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Extra $1.7 million will enable demolition of gas station and cleanup of site, also design and construction of a plaza in front of the new police headquarters, which is on track for completion in spring 2020.

PMG PHOTO BY PETER WONG - Beaverton Public Safety Center rises next to a now-shuttered Shell station at the southwest corner of Allen and Hall boulevards. The city budget now includes $1.7 million extra to buy and demolish the station, clean up the soil, remove underground fuel tanks, and design and build a plaza in front of the new building that will house city police and emergency management operations.Beaverton has set aside $1.7 million to demolish a gas station and complete work on the Public Safety Center, which is scheduled to be completed in April.

The Budget Committee and City Council acted Thursday, Nov. 14, as part of their review of numerous mid-year changes in the 2019-20 city budget, most of them relatively routine.

The Public Safety Center will house city police and emergency management operations at the southwest corner of Southwest Allen and Hall boulevards. A Shell gasoline station had continued to operate there until recently, even though the city had purchased it from the landowner. The tenant had refused to leave.

The dispute did not stop groundbreaking for the center last fall. But the station is directly in front of the center.

The city already owned the rest of the site, which once housed the Beaverton Activities Center, and before it, the city library and a supermarket.

The extra $1.7 million will enable the city to pay $71,000 more for property acquisition, $39,900 for demolition of the station, and $50,000 for removal of the underground fuel tanks and contaminated soil. Of the rest, $578,941 will go toward design and engineering and $942,862 toward construction of a public plaza at the entrance.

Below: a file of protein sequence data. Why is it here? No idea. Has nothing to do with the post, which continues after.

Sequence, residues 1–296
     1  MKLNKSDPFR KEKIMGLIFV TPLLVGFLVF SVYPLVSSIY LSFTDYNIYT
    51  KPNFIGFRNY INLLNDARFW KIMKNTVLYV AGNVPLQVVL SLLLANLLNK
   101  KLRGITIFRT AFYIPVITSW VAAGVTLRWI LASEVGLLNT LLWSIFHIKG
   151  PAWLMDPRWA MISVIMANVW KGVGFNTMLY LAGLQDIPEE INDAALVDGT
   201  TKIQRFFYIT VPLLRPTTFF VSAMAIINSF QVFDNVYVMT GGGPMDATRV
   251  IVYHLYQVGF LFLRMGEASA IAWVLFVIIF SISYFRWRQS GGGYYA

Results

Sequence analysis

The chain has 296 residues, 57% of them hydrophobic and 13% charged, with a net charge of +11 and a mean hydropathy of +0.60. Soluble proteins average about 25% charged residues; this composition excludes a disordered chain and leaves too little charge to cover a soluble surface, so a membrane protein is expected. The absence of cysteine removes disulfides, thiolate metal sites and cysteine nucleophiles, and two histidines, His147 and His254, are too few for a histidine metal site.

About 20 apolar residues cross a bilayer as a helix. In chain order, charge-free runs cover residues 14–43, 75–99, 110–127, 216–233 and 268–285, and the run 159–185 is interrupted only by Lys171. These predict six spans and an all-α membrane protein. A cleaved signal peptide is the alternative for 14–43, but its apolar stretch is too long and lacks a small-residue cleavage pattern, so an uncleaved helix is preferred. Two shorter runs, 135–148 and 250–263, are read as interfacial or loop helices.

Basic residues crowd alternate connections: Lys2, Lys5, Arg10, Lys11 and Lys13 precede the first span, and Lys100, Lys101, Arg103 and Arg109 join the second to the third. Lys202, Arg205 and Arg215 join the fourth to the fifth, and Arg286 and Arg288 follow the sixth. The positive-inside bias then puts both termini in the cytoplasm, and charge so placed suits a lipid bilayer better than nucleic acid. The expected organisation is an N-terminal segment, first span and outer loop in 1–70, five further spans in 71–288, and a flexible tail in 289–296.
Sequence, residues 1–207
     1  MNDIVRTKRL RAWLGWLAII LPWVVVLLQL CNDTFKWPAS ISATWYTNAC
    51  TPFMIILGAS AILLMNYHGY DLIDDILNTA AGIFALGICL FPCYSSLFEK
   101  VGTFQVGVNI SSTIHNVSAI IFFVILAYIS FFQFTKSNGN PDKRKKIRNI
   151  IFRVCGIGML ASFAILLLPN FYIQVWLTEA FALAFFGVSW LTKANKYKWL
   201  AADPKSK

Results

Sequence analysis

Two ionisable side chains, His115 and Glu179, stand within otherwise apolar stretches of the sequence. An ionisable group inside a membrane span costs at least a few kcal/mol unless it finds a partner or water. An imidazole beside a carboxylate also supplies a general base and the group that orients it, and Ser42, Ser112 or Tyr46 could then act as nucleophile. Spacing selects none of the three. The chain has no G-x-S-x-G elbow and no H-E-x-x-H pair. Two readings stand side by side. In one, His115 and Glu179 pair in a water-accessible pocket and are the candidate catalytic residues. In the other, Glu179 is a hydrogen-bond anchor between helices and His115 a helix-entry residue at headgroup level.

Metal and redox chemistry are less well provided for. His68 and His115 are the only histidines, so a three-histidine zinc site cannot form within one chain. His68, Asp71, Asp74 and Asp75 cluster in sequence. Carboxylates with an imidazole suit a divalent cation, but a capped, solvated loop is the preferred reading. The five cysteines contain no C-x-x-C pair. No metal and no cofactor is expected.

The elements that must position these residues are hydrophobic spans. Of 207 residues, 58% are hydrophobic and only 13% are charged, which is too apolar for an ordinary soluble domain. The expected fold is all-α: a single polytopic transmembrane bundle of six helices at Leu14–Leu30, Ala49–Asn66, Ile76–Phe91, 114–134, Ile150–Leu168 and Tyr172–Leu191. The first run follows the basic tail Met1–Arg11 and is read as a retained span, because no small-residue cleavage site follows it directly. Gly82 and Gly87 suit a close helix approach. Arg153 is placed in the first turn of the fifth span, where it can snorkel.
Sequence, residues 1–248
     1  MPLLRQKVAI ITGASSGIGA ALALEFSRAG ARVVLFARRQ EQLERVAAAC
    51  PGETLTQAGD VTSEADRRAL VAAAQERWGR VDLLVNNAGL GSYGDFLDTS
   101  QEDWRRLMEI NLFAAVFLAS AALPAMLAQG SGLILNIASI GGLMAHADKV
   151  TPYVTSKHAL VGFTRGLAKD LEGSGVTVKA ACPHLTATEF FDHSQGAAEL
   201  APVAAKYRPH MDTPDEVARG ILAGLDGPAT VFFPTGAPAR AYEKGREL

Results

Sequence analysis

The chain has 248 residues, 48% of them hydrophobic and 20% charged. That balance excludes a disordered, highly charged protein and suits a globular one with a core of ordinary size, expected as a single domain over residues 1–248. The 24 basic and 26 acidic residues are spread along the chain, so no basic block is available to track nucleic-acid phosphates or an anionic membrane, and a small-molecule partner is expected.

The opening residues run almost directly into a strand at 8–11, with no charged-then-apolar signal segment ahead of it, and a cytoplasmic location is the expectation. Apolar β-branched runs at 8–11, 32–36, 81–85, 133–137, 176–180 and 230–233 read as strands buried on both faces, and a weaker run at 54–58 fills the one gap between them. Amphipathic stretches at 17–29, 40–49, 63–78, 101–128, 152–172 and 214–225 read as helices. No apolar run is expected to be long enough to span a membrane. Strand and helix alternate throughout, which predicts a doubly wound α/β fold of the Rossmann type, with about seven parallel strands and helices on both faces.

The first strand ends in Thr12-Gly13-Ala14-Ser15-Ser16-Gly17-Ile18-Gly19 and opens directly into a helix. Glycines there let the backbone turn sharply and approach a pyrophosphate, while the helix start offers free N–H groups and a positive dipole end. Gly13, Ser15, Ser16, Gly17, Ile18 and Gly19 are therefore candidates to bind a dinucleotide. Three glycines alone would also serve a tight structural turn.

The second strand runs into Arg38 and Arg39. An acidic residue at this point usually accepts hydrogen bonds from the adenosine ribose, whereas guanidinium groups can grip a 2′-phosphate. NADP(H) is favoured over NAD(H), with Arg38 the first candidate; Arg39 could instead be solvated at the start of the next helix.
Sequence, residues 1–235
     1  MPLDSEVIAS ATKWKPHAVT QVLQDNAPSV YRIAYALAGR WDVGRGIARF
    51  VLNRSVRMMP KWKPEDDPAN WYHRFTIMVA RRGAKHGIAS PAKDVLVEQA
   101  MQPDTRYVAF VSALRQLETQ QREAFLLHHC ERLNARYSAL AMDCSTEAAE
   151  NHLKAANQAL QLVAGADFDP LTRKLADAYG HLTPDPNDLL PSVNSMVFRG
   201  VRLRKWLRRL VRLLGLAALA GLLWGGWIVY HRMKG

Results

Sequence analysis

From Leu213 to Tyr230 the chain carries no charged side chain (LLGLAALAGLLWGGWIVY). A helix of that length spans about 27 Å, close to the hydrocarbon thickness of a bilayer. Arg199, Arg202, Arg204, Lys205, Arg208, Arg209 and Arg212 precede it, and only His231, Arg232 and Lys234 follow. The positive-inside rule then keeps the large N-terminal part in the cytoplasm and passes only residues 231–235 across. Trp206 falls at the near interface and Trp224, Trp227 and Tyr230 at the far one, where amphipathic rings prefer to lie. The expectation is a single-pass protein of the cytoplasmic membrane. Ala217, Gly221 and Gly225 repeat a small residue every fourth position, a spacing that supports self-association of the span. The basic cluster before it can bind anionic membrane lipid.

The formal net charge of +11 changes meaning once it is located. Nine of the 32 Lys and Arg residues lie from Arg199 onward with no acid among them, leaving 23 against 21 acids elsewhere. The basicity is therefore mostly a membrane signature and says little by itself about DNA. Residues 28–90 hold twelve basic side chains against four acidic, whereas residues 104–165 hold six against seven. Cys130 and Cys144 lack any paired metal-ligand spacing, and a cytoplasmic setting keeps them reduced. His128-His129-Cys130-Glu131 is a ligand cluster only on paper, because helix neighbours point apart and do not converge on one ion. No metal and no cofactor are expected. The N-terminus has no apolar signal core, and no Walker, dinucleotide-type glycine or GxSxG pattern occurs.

Most of the $1.7 million will come from the city contingency fund, and the rest from grants to rehabilitate the site from its former use.

Mayor Denny Doyle said a water feature may or may not be part of the plaza.

"The money is going to allow us to put together an architectural design with perhaps some water," Doyle said. "There are no guarantees yet. But it will be really nice and be an inviting spot for the neighborhood. It is one of the things we are trying to do to get Allen Boulevard to come into this century, just like we are doing downtown."

The Allen Boulevard corridor between Murray Boulevard and Highway 217 was the focus of a plan presented Nov. 13 to the city Planning Commission. Doyle said the same plan, which covers a quarter mile north and south of Allen Boulevard, will be up at a City Council workshop soon.

Voters approved a $35 million bond for a Public Safety Center in 2016, after they rejected a similar measure two years earlier. Police are housed at the former City Hall at 4755 S.W. Griffith Drive, but the building is unlikely to withstand a severe earthquake off the Oregon coast and it is within a redrawn federal floodplain.

Construction costs are projected to exceed the $35 million, but the exact amount will be known only when the building is complete in spring 2020. Finance Director Patrick O'Claire said there are several ways the city can cover the excess cost without returning to voters, but he said Nov. 14 he would prefer to tap any excess funds in the city budget as an alternative to borrowing money.

The overall mid-year budget review resulted in higher-than-expected revenues for the year starting July 1 and less-than-anticipated spending from the year ending June 30. Some of the latter surpluses resulted from capital improvement projects that were not completed in 2018-19, and the Budget Committee and City Council carried those amounts over into the current budget.

However, O'Claire said, the council has the discretion to tap other unspent amounts for different purposes, or to leave the money in reserve.

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